The COVID-19 outbreak has brought along an unprecedented boom for online retail. Online orders surged in the first half of 2020 and remained high in many parts of the world throughout the year. Many e-commerce players such as Amazon and Otto experienced a record holiday season. Analysts expect the upward trend to continue. More and more online orders are being processed and delivered. Ultimately, this means higher parcel volumes, more delivery routes and more packaging. A recent study by MIT Real Estate Innovation Lab says that this is a positive development in times of climate change. In addition to the need for a more sustainable and eco-friendly way of life.
E-commerce is more sustainable in terms of greenhouse gas emissions than traditional brick-and-mortar retail. The study is based on Monte Carlo simulations with more than 480,000 trials comparing online, traditional, and hybrid retail concepts. In about 75% of the scenarios developed in the base case, e-commerce turned out to be the more sustainable shopping alternative. Although this is good news, there is still room for improvement.
Packaging is the greatest polluter in e-commerce
Although some might spontaneously think so, greenhouse gases emerging from the actual deliveries is not the biggest problem. A lot of CO2 can be saved by consolidating routes and intelligent logistics management in general. And compared to traditional retail, transport in e-commerce is by far not the biggest polluter. While in brick-and-mortar retail, transport accounts for 70% of all greenhouse gas emissions, it makes up only 13% of total emissions in e-commerce. The biggest room for improvement in e-commerce is in packaging. 45% of all e-commerce greenhouse gas emissions are connected to boxes and wrappings.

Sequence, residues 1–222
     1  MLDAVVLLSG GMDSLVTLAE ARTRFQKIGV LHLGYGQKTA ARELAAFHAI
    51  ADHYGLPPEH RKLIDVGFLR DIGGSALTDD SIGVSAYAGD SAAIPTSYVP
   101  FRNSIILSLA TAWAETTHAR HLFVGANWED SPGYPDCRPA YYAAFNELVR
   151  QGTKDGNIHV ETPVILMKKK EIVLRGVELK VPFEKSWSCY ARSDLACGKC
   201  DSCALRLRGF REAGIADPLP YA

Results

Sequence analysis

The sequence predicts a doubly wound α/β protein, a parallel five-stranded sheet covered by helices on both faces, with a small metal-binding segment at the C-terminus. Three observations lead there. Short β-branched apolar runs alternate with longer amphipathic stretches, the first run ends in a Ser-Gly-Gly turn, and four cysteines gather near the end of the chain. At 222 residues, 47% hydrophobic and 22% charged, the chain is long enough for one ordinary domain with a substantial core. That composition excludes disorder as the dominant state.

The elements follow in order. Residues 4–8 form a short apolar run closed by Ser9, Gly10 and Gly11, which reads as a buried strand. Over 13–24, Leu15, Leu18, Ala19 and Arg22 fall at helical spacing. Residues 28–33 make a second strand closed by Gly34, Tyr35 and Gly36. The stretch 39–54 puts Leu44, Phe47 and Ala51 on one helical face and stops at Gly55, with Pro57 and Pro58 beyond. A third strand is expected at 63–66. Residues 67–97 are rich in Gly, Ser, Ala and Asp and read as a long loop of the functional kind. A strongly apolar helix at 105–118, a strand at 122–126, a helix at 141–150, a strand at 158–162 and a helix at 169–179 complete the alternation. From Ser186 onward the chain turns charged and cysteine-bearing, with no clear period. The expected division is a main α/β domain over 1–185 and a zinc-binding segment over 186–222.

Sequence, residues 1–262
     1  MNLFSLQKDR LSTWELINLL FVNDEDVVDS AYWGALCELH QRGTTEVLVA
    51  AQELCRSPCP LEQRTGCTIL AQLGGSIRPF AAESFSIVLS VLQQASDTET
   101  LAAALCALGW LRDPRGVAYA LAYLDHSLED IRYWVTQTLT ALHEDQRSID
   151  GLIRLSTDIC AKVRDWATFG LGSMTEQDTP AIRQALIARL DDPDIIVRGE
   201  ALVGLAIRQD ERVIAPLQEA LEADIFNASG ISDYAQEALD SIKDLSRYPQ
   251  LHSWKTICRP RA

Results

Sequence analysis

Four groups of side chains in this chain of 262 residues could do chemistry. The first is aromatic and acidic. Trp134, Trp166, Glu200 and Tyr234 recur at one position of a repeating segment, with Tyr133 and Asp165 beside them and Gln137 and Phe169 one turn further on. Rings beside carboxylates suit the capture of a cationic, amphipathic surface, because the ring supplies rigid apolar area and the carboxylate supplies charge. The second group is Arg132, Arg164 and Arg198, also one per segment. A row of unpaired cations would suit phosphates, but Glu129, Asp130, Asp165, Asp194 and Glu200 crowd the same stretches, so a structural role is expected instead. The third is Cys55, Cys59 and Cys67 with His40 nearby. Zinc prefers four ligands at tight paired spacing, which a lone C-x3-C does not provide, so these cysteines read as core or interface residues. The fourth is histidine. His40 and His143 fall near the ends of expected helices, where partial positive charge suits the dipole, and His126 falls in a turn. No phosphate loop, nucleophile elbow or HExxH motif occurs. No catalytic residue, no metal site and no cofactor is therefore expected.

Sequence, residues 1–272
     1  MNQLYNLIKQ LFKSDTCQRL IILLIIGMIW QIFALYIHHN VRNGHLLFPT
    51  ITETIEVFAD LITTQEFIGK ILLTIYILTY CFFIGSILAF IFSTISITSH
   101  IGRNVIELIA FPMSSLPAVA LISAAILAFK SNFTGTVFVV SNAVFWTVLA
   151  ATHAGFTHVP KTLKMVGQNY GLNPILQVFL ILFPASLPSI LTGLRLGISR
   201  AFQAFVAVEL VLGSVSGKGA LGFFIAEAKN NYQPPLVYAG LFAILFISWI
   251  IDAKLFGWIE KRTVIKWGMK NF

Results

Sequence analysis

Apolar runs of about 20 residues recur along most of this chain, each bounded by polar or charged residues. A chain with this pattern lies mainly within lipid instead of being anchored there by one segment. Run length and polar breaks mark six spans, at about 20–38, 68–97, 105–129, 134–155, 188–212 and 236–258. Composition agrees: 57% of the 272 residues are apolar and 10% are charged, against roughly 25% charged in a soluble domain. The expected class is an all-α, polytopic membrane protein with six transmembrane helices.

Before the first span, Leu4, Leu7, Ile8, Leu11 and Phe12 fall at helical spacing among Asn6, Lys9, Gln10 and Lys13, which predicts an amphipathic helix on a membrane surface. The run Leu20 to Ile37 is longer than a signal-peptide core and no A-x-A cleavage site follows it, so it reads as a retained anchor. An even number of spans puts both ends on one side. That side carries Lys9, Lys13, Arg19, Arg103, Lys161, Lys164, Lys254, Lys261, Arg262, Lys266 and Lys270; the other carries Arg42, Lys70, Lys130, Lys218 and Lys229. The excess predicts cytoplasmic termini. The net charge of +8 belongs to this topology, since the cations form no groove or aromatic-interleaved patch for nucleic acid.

Returns account for 25% of emissions
Returns are another aspect that produces a great share of greenhouse gas emissions in online retail. They account for 25% of emissions. Luckily, e-commerce is not only in the lead over traditional retail at the moment. Minor improvements in operations can also have a huge impact in making the ecological footprint of e-commerce even smaller. Electrifying delivery fleets, for example, can reduce greenhouse gas emissions significantly. If both traditional and online retail had fully electric delivery fleets, online retail would be more sustainable in 78% of the tested scenarios.
Reducing the amount of packaging can save up to 36% of emissions
Bundling packages and reducing the amount of packaging can save up to 36% of total e-commerce emissions. In general, online retail seems to be less environmentally harmful than one might think. Especially when companies assume their responsibility and invest in optimizing processes even further.